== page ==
Patrick Administration Announces Formation of Network to Spur Water Innovation in Massachusetts and New England

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MassCEC commits to matching $100,000 in private investment to help launch network of water industry leaders
Jan 28, 2014 –

The Patrick Administration today announced the formation of the New England Water Innovation Network (NEWIN), which will build upon the successes the Commonwealth and companies have had in creating more efficient and cost-effective water supply and wastewater treatment solutions to drive demand for Massachusetts-made products and services.

“In Massachusetts, we are marrying our brainpower with our natural resources in order to position ourselves as the home away from home for the water innovation industry,” said Governor Patrick. “The New England Water Innovation Network will be a voice for the industry and help Massachusetts and New England stake our claim to global leadership in water innovation.”

Energy and Environmental Affairs Secretary Rick Sullivan made the announcement as part of the New England Water Environment Association’s (NEWEA) annual conference.

“By bringing together innovators looking to address our global water challenges, we are growing the Massachusetts water industry," said Secretary Sullivan.

The Patrick Administration, through the Massachusetts Clean Energy Center (MassCEC), has committed up to $100,000 in matching funds to launch and grow the new network.

“Treating and moving water consumes an enormous amount of energy all over the world,” said Alicia Barton, CEO of the Massachusetts Clean Energy Center. “By driving solutions in water technology Massachusetts companies can provide solutions for the world's energy and water challenges at the same time."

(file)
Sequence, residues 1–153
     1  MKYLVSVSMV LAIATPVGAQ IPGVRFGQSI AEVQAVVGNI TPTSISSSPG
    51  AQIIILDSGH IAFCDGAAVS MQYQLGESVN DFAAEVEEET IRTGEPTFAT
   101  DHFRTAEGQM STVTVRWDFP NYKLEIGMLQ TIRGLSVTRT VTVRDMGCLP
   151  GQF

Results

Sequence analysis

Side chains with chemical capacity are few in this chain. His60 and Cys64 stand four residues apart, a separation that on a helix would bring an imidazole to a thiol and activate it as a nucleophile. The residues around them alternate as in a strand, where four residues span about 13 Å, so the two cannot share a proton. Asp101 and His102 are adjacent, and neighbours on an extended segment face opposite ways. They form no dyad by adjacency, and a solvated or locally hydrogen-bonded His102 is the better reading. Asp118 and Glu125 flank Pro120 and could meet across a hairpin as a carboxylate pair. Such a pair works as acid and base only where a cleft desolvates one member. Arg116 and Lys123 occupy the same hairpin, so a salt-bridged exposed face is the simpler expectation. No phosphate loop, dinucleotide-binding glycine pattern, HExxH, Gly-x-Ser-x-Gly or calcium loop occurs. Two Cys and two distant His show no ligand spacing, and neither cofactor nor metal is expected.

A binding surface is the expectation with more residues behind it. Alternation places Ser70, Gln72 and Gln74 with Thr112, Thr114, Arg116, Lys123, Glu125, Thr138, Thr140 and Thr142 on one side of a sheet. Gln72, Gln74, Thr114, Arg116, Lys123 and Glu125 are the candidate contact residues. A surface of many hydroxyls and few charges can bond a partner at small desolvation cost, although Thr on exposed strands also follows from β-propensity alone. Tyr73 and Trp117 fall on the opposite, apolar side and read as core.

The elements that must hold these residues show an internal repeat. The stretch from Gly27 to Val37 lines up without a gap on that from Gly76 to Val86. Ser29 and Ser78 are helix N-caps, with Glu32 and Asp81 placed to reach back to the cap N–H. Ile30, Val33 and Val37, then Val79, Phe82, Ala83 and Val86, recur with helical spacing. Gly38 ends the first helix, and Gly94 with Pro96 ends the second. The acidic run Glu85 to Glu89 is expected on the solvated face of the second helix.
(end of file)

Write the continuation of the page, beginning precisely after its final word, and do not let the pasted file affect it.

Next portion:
NEWIN will be comprised by members from across New England, including startups, multi-national companies, academia, the investments community and professional associations. The network will work to accelerate the commercialization of new technologies, services and products for the water market.

“Water should be safe, abundant and affordable” said Earl Jones, Chairman of the New England Water Innovation Network. “In reality, a host of challenges – from population growth and urbanization to climate volatility and rising energy demands threaten water resources globally like never before, and will worsen in the coming decades. If we are to address these serious challenges to our water resources we must innovate faster – and not just in our treatment technologies. We must also innovate in how we finance, deliver, maintain and regulate water resources. Yesterday’s solutions simply cannot address today’s challenges.”

Massachusetts is a leading U.S. destination for water innovation with billion-dollar companies working in water technology and engineering, world-class research and graduate degree programs, a healthy venture capital sector and a dynamic innovation ecosystem. Massachusetts is home to nearly 300 water industry companies, organizations and institutions working to solve the world’s water challenges, including aging infrastructure and nutrient loading as a result of the wide use of septic systems in coastal communities like Cape Cod.

In 2012, Massachusetts was home to the most Small Business and Innovation Research (SBIR) grants per capita at 15 and the most water innovation patents per capita in the country at nearly 120.

Governor Patrick has led trade missions to Israel, Canada and Singapore with a focus on water innovation, partnering with leading nations to harness their expertise and open up new markets for local companies.